We are a nation of shop keepers – or maybe not any more.
According to PricewaterhouseCooper, a record number of retail outlets closed in Britain in 2018. The number of new ventures opening was approximately half that opening five years ago with a total of 3,372 outlets opening and 5,833 outlets closing, an overall picture of decline.
To consider why, commentators will cite internet shopping, economic uncertainty & austerity.
Your local High Street is a great indicator and barometer of your local economic and cultural conditions of those who live around you. A High Street with branded chains & independent shops- coffee shops, delis, vintage clothing, antiques- that is a place that is economically desired, has or is gentrifying; a High Street full of charity shops, pound shops, payday loans shops, pawn brokers- that is a place that is economically depressed. I generalise a little but you can see a trend in the type of establishments that tend to provide a recognisable indicator of how well an area is doing.
There has been a trend in recent years away from larger out of town supermarkets & retail park outlets back to smaller local stores – this is identified through the development of internet shopping where you can buy more bulky or heavy goods including your weekly shop via home delivery services with then more actual day to day shopping for goods or products where more selection or consumer choice & discretion may be provided.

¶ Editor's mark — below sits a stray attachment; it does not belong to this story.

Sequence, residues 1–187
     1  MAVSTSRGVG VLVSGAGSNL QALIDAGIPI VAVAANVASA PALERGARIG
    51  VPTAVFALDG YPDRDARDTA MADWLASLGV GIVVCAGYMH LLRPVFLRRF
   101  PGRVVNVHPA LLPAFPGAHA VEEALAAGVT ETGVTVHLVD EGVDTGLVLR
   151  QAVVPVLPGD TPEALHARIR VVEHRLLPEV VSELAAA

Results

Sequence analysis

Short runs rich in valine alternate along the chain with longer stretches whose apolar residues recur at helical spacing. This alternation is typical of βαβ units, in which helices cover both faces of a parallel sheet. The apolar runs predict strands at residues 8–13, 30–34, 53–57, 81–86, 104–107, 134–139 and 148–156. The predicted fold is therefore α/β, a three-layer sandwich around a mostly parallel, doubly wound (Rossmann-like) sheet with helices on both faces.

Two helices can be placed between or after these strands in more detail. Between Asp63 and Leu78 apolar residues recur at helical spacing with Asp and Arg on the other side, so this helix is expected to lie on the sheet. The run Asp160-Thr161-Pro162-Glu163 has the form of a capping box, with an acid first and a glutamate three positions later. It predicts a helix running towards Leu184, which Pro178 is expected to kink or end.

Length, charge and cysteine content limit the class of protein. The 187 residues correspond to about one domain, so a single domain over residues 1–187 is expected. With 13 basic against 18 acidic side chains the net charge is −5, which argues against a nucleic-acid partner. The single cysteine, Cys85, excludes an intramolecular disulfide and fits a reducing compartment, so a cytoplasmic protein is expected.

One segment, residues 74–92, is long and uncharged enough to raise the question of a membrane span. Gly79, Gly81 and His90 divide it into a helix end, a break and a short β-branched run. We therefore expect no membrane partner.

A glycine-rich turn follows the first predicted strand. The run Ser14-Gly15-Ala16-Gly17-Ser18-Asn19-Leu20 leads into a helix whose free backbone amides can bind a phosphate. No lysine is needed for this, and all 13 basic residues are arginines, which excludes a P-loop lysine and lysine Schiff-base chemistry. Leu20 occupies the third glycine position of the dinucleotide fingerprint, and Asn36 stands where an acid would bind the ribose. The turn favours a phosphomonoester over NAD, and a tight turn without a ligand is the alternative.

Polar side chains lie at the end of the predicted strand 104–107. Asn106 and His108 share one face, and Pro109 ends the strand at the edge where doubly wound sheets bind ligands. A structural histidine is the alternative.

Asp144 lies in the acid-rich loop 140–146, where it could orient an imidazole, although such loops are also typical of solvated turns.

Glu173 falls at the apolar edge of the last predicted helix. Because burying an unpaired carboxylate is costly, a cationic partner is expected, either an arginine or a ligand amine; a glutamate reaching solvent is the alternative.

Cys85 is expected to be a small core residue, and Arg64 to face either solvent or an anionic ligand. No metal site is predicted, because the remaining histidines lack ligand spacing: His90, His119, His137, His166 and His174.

We are beginning to see local independent businesses rebuilding on the day to day shopping trend, seeking out the personal touch in shops & a refuge away from the idea of chains. We are also seeing more supermarket operators seeking to try out ‘local’ store provision, back on our High Streets and also in our local parades or former pubs. Indeed chains are seeking to present themselves as ‘independent’ focussing expansion around groups of smaller numbers of same name units to provide an impression of ‘independence’ or ‘local’.
Retail start ups nowadays build a website into their business plan. Larger chains and stores use their High Street location as a showroom or local pick up location, as well as a shop. It is a place to actually have experience of the products being sold online or to collect those ordered on line.
Our town centres are constantly changing to adapt. It is only opinion without any real facts to back this up, but my assumption on the future of the High St is that we will see a reversion to artisan shops – more greengrocers, butchers, bakers and the like. I think this will be interspersed with pure service type shops – like hairdressers, nail bars, etc. Between these stores will be restaurant, cafes, coffee shops, chain clothes & footwear stores on smaller formats providing ‘showroom space’ then finally anchor stores – department type stores where branded chains will congregate together as further showroom space. I think the town centre will be smaller in Plan shape with more ‘ experience locations provided around these providing leisure time locations. The length of the High Street will ‘shrink’ to atone to this changing make up and composition.
We at Julian Church and Associates have been involved in working on your High St for the last 20 years or so and will continue to help shape what the future provides. If you are a retailer with a unit that you would like to employ our services to help you with the changing face of the High St then please do contact us to discuss.